“János Bolyai’s *Appendix* consists of twenty-six densely printed pages bound near the end of the first volume of his father’s two-volume mathematics textbook, *Tentamen Juventutem Studiosam (Marosvásárhely*, 1832– 33; hereafter, *Tentamen*). Both volumes of the *Tentamen* were printed in only one edition and one printing at the press of the Reformed College by Joseph and Simeon Kali in the Transylvanian city of Marosvásárhely (present-day Târgu Mureș, Romania)” (Lemley, p. 188). The Reformed College was the oldest Hungarian school in Transylvania, and the town still houses the Teleki Library, established in 1802 by Count Samuel Teleki and which subsequently acquired János Bolyai's papers and now contains the Bolyai Museum.

“The *Appendix* is more than an adjunct to the *Tentamen*; it is referred to repeatedly therein, and the two works accordingly should be viewed as integral” (*ibid*.). The *Appendix *appears at the end of volume one, and is separately paginated [ii], 26, [2, errata], and with one plate in the volume specifically pertaining to the *Appendix*. There are further substantial references to the *Appendix *in the main body of Farkas’s text, primarily in the section ‘Generalis conspectus geometriae’ (Vol. I, pp. 442–502) and an important supplement to the *Appendix *in the second volume (pp. 380–383).

“The subscription list printed at the end of the first volume lists seventy names subscribing 128 copies; an additional list in the second volume lists nine more names subscribing twenty-eight copies. These numbers suggest that the edition was made up of at least 156 copies, although a slightly larger number, likely in the range of 175–200 copies, is more probable. This suggests a survival rate of about ten percent, pending the discovery of additional copies. The presence of a supplemental list of subscribers at the end of the second volume suggests that subscription likely continued during printing” (Lemley, p. 196).

Lemley’s article contains a detailed bibliographical analysis of surviving copies, as their make-up, including this copy, varies widely. Norman notes: “The *Tentamen* was very crudely or amateurishly printed at a school press; copies exhibit the earmarks of non-professional or inexperienced publishing, particularly in the clumsy typography and numerous errata and corrigenda leaves, which must have made the *Tentamen* extremely difficult to use. These leaves were printed on different paper stocks and were obviously added after the original printing.”

Both volumes of this copy are in the most complete state (of several) possible, with all of the various addenda issued. This copy is unusual in a further respect; the first volume is larger than any others known. The Norman copy was also uncut but measured only 219 x 137 mm, whereas its second volume was 225 x 143 mm, closer to the measurements of our first volume.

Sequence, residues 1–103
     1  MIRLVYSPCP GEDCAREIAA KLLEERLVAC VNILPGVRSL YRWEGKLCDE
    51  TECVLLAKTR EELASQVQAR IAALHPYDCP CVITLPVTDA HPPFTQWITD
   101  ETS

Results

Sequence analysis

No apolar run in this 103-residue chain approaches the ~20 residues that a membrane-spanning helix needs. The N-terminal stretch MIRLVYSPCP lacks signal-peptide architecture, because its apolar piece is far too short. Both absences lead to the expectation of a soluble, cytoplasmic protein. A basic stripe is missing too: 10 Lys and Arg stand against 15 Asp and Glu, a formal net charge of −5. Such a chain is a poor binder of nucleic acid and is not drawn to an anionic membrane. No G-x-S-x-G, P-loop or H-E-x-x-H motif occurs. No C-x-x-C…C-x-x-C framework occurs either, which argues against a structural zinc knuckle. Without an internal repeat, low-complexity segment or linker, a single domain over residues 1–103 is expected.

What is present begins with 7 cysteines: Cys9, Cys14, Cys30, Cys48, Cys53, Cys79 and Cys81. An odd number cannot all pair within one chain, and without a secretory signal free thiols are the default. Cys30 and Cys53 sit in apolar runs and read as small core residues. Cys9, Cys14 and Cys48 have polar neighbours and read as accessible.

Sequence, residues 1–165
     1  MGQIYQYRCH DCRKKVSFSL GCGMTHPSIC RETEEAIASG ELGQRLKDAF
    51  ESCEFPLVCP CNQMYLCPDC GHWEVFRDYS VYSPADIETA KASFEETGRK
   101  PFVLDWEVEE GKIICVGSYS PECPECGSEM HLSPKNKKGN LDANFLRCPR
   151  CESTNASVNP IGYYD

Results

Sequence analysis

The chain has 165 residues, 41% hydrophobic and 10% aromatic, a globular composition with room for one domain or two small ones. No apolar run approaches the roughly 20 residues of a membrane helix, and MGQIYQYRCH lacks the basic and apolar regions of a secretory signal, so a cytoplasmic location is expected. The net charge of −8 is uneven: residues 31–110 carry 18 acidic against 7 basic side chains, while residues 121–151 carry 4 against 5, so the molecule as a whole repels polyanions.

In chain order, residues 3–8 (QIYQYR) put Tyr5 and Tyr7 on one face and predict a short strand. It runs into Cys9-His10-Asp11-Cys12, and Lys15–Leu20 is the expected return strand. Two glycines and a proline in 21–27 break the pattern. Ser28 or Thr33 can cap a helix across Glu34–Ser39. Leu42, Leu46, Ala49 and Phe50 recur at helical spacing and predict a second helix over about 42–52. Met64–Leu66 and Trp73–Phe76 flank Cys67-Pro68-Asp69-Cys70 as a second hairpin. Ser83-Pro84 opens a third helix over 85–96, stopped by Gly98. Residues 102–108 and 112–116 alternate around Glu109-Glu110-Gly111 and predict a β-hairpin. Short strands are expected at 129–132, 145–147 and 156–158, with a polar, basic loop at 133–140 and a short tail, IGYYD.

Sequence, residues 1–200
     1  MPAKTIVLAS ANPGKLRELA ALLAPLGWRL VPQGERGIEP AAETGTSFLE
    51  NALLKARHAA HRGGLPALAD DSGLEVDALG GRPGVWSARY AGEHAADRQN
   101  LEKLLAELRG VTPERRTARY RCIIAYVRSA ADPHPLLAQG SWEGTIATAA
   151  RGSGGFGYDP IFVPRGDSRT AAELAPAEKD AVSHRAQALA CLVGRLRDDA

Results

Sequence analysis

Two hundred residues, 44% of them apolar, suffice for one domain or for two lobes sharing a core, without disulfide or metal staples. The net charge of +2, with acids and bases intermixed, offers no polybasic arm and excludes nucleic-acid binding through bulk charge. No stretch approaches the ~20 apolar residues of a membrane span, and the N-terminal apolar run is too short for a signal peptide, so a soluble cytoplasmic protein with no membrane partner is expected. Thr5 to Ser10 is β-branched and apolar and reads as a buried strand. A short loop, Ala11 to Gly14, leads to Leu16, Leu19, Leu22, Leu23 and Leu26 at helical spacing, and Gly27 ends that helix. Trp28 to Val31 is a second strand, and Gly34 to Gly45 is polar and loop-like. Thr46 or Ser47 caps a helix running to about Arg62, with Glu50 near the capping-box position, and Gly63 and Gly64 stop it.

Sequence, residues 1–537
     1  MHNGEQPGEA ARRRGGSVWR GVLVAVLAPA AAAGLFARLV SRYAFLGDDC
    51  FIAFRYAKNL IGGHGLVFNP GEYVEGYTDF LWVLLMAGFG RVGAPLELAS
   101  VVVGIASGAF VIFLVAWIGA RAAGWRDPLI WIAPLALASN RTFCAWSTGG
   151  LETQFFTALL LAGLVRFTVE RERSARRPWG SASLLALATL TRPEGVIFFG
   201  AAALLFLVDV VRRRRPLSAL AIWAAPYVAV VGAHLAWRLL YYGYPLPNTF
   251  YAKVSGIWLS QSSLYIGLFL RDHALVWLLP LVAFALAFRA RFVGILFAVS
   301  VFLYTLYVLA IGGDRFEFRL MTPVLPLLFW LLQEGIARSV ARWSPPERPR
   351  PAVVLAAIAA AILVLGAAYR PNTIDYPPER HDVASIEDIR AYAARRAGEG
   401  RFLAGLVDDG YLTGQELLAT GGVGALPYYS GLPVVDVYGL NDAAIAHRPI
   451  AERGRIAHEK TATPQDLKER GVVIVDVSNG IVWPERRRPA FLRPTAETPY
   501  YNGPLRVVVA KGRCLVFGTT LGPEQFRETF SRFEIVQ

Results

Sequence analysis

Of the 25 surviving copies in Lemley’s census, seven are in private hands. A copy formerly held by the Berlin Staatsbibliothek is recorded as having been lost in World War II.

Dibner 116; Evans 13; Horblit 69b; Norman 259; Parkinson pp. 295 and 296; Gray, *Worlds out of Nothing*, 2007; Lemley, ‘A bibliographical description of Farkas Bolyai's Tentamen Juventutem and János Bolyai's Appendix (1832/3) with a census of copies’, *PBSA *113 (2019), 187-203 (this copy is no. 21 in the census); Nagy*, Bolyai: Biographia, biblioteka, bibliografia *pp. 353–4 (incorrectly calling for an additional (4) ff. of preliminaries in vol. I, and in volume II requiring 584 pp. instead of 402 pp., perhaps a typographical error for 384, as in the first issue?).

Two vols, 8vo (I: 228 x 145 mm; II: 214 x 125 mm), I: pp. [iv], XCVIII, 502; [ii], 26, [2, errata], XVI [subscriber’s list and Latin-Hungarian lexicon of mathematical terms], with one large folding letterpress table, and 4 folded engraved plates (plate 3 with 7 small folding slips); II: pp. [vi], xvi [Index Tom II], 402, with 10 folded engraved plates (plate 7 with 10 slips, plate 8 with 4 slips, plate 9 with 3 slips and plate 10 with 5 slips and 1 volvelle), manuscript corrections to line 6 of p 380 vol. II, first volume uncut, second with some outer edges uncut (vol. II with some worming to inner blank margins and text in several gatherings, affecting some letters but still legible, also affecting first four plates in same volume, just touching some of the figures, some paper flaws as often). Uniform contemporary blue boards, paper labels on spines (spines and joints cracked but sound), preserved in a morocco box.

Item #4659

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Price:
$285,000.00